From: "Alan via Groups.Io" <alan4alan@...>
To: <QRPLabs@groups.io>
Sent: Sunday, July 16, 2017 12:37 AM
Subject: Re: [QRPLabs] TAYLOE DETECTOR


Bob,

Yes, I have used Softrocks for 10 years or more.
But this is the QRP Labs group and a similar receiver is produced.
It is not as versatile as the Softrock but has a far tighter BPF and the
difference in the Tayloe is actually that instrumentation amplifiers are
used. It may be used with the QRP Labs VFO but so far no direct computer
control.
But it is produced to compliment the U3.

Personally I'm not so sure about soundcards, most stereo ones will produce
good results. I do not usually see a great difference with better cards
but that probably depends on how critical you are.

73 Alan G4ZFQ

The Softrock Ensemble receiver is a 4 band receiver with a VFO controlled
by
a USB connection.

It seems to be a pretty good receiver. But performance will depend on
your
soundcard.



Alan
 

The sample rate determines how wide a band you can receive with a single LO
setting.
Bob,

Many are happy with 48KHz. In my opinion it does not really matter with a VFO. Yes, others want more.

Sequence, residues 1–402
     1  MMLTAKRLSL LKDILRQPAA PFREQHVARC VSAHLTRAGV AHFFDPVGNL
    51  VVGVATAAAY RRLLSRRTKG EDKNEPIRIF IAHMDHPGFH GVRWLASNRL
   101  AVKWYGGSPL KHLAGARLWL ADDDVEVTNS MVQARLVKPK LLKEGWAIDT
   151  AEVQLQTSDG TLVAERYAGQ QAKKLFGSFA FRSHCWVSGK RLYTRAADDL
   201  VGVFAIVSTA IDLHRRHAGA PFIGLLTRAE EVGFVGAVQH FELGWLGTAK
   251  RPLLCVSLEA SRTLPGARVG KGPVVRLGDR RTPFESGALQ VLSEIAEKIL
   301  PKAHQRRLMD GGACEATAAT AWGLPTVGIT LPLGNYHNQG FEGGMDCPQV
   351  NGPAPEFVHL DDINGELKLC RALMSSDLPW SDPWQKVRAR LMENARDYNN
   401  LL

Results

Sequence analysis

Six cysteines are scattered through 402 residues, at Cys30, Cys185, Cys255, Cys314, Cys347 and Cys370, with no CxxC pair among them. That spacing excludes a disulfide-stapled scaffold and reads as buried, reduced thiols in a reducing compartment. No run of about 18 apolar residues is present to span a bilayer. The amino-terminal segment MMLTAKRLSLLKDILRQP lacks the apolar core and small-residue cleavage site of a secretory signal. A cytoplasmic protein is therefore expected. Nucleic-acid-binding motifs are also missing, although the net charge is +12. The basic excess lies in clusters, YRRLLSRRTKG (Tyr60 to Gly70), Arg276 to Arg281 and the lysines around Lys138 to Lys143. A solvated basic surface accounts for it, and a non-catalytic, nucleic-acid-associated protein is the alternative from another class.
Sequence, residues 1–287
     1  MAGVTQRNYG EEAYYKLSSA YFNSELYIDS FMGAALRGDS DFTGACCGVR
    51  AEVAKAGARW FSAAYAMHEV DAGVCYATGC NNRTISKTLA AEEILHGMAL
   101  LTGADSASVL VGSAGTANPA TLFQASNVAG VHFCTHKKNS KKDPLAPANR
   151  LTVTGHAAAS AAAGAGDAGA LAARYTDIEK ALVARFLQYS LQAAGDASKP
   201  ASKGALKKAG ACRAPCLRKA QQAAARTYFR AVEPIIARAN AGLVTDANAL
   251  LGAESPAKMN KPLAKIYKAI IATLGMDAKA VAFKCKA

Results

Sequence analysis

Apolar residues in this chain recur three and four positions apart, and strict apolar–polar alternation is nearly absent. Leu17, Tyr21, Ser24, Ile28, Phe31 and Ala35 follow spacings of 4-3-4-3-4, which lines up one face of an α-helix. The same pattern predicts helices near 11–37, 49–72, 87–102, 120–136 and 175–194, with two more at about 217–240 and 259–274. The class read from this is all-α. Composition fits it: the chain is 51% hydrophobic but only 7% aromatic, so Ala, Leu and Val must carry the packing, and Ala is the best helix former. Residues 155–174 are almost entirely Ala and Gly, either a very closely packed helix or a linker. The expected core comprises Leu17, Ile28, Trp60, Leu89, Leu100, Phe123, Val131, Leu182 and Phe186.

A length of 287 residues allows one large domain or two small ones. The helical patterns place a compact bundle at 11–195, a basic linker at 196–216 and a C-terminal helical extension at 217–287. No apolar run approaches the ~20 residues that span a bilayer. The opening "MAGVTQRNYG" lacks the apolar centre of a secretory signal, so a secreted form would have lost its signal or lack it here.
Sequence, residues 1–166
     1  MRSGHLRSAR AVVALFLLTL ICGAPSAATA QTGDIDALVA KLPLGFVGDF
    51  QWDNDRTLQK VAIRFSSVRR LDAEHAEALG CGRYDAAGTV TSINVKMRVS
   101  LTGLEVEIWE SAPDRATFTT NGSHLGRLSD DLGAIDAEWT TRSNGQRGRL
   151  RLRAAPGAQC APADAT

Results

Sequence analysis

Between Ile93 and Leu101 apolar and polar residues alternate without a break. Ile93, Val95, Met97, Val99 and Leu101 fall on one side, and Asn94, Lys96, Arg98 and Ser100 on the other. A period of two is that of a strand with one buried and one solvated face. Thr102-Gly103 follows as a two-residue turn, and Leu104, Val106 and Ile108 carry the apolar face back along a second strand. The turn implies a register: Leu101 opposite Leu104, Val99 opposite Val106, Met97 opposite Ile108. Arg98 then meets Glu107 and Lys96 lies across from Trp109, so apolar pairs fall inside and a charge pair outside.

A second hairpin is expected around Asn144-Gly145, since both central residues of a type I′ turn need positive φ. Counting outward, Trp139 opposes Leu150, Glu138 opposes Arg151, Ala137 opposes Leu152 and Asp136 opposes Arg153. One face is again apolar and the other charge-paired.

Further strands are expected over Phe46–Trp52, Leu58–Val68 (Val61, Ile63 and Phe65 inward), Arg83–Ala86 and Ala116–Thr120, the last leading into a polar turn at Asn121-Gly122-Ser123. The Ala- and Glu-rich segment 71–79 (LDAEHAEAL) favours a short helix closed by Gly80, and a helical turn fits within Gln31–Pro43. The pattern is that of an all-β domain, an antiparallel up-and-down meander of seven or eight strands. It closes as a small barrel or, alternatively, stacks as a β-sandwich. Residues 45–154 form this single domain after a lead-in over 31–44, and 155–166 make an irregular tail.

The QRP Labs RX is fundamentally intended as a single channel RX

The bigger problem is the ADC. Many sound cards and motherboards only have
16bit ADCs. That limit the dynamic range/sensitivity. Better sound cards
have 24 bit ADCs.
But the dynamic range advantage of 24 bit cards is not achieved by unmodified Softrocks as their gain is optimised for 16 bit cards. Read the posts from Leif on the Softrock group.
But even 16 bits gives an impressive dynamic range.
I suspect this is also the case for the QRP Labs RX.
The gain of the SDR front end defines sensitivity, basically if antenna noise is seen then it is sensitive enough.